As a child, Palm Sunday was always a highly anticipated event for me. My parents would buy an elaborate palm-weaving from a street vendor outside our San Bernardino, California, parish. The church would be packed with people standing in the aisles and the narthex, with the overflow spilling out of the doors. All had gathered to experience, within one liturgy, Jesus’ triumphant, joyful entrance and the heartbreak of his passion. My siblings and I, having collected single palms, would wave them during Mass as holy water came sprinkling down, and we’d laugh when it landed on our faces. My mother would always make sure it had reached us, and on those rare occasions when we hadn’t felt it, she’d wipe drops from her own skin and bless us. (After Mass, my father would help us weave our palms into crosses that for the next year we’d keep in our rooms.) My siblings and I enjoyed the first half of the liturgy more than the second half, when the community’s mood would become somber upon Jesus’ crucifixion and death. Our joy was innocent. We were happy because we were children. As I got older, I began to see the joy of the procession with palms through the lens of the injustice in our world, the same injustice that leads to Jesus’ crucifixion.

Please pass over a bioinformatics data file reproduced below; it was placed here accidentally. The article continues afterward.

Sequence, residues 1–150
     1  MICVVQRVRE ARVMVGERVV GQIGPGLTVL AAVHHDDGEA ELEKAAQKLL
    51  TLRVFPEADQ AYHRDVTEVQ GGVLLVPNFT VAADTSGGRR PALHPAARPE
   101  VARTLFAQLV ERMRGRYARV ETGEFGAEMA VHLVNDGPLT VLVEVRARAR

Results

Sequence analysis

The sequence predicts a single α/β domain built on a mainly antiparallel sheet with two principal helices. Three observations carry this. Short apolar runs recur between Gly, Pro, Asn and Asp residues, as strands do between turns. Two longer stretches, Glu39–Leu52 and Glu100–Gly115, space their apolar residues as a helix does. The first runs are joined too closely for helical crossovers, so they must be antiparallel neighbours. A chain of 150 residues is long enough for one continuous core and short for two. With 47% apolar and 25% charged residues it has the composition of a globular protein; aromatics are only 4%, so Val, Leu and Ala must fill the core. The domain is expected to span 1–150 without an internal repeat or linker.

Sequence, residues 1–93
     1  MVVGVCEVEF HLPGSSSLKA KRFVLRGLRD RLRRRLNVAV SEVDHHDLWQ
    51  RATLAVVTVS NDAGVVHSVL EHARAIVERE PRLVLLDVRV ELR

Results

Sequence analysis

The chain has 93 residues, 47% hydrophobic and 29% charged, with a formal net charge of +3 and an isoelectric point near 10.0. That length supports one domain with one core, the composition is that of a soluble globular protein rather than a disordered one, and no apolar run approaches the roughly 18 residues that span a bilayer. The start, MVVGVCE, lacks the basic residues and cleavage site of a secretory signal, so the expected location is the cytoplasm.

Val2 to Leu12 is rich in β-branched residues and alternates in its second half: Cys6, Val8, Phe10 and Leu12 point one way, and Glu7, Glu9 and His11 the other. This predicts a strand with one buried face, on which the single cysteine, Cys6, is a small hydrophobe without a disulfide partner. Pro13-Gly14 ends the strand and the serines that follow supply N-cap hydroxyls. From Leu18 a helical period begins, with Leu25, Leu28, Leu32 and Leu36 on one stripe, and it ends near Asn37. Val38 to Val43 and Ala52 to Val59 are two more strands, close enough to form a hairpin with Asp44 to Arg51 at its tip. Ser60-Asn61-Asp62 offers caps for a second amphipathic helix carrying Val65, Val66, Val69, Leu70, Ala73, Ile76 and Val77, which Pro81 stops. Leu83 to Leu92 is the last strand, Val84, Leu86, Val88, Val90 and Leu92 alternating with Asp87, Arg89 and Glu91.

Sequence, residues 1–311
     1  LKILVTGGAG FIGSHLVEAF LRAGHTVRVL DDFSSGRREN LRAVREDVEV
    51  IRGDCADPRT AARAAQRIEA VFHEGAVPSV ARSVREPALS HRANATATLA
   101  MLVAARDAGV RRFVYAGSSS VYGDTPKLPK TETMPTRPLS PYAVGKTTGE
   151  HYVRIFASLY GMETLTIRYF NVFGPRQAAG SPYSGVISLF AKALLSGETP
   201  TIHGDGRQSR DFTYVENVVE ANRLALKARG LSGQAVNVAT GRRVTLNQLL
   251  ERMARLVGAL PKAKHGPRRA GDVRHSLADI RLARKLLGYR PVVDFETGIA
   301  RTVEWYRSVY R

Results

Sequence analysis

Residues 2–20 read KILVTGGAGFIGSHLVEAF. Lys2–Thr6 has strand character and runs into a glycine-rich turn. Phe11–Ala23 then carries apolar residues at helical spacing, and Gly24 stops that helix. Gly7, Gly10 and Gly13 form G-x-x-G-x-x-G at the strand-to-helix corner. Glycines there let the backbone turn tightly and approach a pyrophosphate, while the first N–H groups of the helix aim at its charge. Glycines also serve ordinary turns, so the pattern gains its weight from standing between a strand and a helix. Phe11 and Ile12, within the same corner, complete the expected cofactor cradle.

The Gospel reading at the procession with palms this Sunday is from Luke. It concludes with the following:
[The disciples] proclaimed: “Blessed is the king who comes in the name of the Lord. Peace in heaven and glory in the highest.” Some of the Pharisees in the crowd said to [Jesus], “Teacher, rebuke your disciples.” He said in reply, “I tell you, if they keep silent, the stones will cry out!” (Luke 19: 38-40)
A brief look at the New Jerome Biblical Commentary will tell you that when Jesus responds, “if they keep silent, the stones will cry out!” he is referencing Habakkuk 2:11. The prophet Habakkuk calls to God, expressing woe over the injustice and violence of the time. God responds to Habakkuk with a rebuke of tyrants and their motivations, and says, “For the stone in the wall shall cry out, and the beam in the frame shall answer it!” The decrying of injustice and violence perpetuated by tyrants cannot be contained, and in the same way, the joy of Jesus’ entrance into Jerusalem cannot be contained.
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